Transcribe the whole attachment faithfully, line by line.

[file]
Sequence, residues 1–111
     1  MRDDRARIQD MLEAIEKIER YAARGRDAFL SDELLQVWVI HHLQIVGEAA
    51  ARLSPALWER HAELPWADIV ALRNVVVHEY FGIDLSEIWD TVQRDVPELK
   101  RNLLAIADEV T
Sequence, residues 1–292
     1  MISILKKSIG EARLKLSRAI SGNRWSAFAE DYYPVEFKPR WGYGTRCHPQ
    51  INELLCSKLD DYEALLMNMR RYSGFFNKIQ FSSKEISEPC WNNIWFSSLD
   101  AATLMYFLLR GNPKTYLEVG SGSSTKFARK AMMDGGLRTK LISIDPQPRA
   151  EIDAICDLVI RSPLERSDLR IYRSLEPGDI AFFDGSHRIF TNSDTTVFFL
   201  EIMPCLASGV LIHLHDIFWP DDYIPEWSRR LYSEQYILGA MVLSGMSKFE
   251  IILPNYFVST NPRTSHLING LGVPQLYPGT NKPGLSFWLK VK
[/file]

Sequence, residues 1–111
     1  MRDDRARIQD MLEAIEKIER YAARGRDAFL SDELLQVWVI HHLQIVGEAA
    51  ARLSPALWER HAELPWADIV ALRNVVVHEY FGIDLSEIWD TVQRDVPELK
   101  RNLLAIADEV T
Sequence, residues 1–292
     1  MISILKKSIG EARLKLSRAI SGNRWSAFAE DYYPVEFKPR WGYGTRCHPQ
    51  INELLCSKLD DYEALLMNMR RYSGFFNKIQ FSSKEISEPC WNNIWFSSLD
   101  AATLMYFLLR GNPKTYLEVG SGSSTKFARK AMMDGGLRTK LISIDPQPRA
   151  EIDAICDLVI RSPLERSDLR IYRSLEPGDI AFFDGSHRIF TNSDTTVFFL
   201  EIMPCLASGV LIHLHDIFWP DDYIPEWSRR LYSEQYILGA MVLSGMSKFE
   251  IILPNYFVST NPRTSHLING LGVPQLYPGT NKPGLSFWLK VK